In the seder tradition the youngest person present asks four questions starting with, “Why is this night different from all other nights?” The first poet to read was Ellen Maybe reading “The Four questions” a lovely poem with Whitmanesque long lines about a family moving from anxiety to serenity as the “family sits shivering for a week, trying to make forgiveness a verb.” Lynne Bronstein in her poem about the four questions “Kasha’s,” gives warm memories of family Seders including a friend observing “that he never saw my mother/so happy as when she sang at Passover.”
Next Pam Ward read “Passover Blues” about her “runaway slave roots/roof jumpin’ fools/ who’d rather rot/ than be tied” mixing up the blues, runaway slaves, and the Passover exodus. For the plagues that Moses rained down on pharaoh in order to convince him to let the Jews go, Claudia Handler gave us her scary poem “Upon Your House” telling us what terrible plagues she will send at us. I read my poem “Miriam’s Song’ which tells when Moses was sending the plagues how his sister was busy sweeping up the mess. Rachel Kahn gave her personal retelling of “dayeinu,” a traditional song that tells what would be enough to free us from Egypt.
Then Rick handed out matzah so the whole audience could read the traditional unleavened bread. For the festive meal we eat on Passover, Elizabeth Iannuci read “At Dinner" about the trials and joys of a festive meal with “yam-fisted toddler’s sticky-lipped whispers” followed by Laurel Ann Bogen reading David Gershator’s from “Seder.” Then Larry Colker’s read ‘Visitation," his poem whichis a lovely evocation about the opening of the door and offering of a cup of wine for the prophet Elijah: “opening the door/is such a steadfast gesture; / a silver cup of sweet, purple wine/is such a heartfelt offering.” For the giving praise of the 4th cup of wine Scott Sonders in his poem “Enosh Introduces Idolatry” praised God.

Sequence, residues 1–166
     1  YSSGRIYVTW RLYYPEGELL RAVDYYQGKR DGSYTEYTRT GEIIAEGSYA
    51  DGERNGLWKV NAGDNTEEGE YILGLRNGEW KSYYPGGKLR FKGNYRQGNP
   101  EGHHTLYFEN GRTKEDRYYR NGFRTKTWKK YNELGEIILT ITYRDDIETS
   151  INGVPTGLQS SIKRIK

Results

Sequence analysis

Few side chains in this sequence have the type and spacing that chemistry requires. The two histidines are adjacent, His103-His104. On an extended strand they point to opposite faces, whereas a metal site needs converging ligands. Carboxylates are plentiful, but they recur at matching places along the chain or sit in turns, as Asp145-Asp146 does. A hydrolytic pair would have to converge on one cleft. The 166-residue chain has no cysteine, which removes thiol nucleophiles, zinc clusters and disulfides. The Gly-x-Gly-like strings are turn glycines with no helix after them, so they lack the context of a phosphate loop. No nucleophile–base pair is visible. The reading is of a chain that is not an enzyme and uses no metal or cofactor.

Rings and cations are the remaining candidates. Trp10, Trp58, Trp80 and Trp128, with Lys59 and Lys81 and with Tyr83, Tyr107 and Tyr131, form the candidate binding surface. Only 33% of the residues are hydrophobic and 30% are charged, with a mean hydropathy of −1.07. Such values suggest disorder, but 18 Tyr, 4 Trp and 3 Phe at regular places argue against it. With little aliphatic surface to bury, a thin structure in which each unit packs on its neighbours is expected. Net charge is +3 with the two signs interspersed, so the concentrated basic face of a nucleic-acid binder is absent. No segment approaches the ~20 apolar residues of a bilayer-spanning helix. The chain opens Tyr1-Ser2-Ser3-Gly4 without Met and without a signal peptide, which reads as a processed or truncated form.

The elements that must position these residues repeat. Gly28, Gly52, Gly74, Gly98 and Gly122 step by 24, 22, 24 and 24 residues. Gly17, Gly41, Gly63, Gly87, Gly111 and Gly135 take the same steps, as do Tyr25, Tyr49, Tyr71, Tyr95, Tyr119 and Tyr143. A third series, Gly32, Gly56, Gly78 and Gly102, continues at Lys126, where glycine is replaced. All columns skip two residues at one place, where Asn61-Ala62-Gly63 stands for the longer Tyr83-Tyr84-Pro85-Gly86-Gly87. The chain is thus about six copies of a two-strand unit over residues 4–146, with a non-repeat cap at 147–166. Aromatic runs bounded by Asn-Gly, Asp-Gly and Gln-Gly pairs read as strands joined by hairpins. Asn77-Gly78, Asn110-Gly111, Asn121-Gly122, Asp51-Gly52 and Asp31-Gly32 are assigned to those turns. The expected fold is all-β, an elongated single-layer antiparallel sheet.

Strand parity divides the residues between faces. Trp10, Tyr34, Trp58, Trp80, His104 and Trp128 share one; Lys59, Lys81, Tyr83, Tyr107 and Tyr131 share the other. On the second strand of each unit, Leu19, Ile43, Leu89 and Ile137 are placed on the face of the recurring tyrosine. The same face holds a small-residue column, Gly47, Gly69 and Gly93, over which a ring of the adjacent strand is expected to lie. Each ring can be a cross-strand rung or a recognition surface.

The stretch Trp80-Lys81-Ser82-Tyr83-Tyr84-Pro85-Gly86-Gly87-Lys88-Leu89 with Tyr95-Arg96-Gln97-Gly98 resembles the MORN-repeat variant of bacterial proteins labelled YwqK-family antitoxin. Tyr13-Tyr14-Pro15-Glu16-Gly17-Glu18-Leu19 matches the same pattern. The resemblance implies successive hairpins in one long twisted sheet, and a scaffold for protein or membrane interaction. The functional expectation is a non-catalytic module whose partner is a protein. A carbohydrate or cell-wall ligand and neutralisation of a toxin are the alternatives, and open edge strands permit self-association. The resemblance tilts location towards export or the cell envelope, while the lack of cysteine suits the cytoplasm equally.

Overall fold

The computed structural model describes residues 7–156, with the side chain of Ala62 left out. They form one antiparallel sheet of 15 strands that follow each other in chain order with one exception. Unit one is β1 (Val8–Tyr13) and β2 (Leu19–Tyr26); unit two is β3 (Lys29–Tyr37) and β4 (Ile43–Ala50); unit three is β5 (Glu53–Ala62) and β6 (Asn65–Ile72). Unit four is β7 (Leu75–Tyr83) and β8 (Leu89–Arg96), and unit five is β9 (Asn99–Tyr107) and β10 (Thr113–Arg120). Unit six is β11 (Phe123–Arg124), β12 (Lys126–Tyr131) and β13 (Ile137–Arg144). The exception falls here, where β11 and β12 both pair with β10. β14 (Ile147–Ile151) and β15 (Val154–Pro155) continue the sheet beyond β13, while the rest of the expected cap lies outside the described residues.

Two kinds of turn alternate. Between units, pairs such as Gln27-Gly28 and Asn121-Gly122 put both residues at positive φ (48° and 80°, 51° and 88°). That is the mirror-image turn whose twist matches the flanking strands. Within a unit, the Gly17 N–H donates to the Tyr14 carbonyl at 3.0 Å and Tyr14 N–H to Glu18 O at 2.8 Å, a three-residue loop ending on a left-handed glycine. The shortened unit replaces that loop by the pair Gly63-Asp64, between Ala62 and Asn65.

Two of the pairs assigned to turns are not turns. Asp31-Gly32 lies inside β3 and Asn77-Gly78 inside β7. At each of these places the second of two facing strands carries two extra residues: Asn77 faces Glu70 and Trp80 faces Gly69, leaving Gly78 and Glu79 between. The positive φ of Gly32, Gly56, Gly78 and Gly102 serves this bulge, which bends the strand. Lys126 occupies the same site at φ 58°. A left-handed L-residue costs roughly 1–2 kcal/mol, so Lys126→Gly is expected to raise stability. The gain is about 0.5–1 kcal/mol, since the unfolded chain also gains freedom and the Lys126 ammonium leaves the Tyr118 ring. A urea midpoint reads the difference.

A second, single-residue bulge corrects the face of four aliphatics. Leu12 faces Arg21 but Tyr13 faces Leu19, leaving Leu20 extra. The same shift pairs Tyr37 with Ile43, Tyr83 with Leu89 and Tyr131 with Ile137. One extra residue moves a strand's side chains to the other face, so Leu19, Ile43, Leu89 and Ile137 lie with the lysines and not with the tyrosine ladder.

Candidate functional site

We found the hidden matzah and then repaired to the lobby for more drink and food. Only a small number of poets from the anthology A Poet’s Haggadah read as the anthology has 36 poets in this marvelous poetic response to the seder and Passover.
You can order the book A Poet’s Haggadah from http://www.poetseder.com/
Thursday, May 01, 2008
Arts Complex 214. Free.
I will do the introduction!
Fitch has written two wonderful novels, White Oleander, and Paint It Black. White Oleander deals with a mother, an dedicated poet who winds up killing her ex-boyfriend, and her daughter who is forced to survive in the foster care system of Los Angeles. Ophrah picked the novel for her book club which helped make it a bestseller. Later the novel was made into a Hollywood movie. Paint It Black is about two young artists who find themselves and each other in the Los Angeles punk scene of the 1980s. A generation of young artists included myself performed at these clubs, spaces, etc..
Fitch is a third-generation Angeleno who went to Fairfax High School. She's one of the leaders of a new generation of novelists and poets born and raised in California who treat the state as basis for their writing. She writes stories that only natives can write. One of my students who also survived L.A.'s awful foster care system said Fitch got it exactly right. She brilliantly tells how young people struggle to survive in hostile environments of post-Reagan California.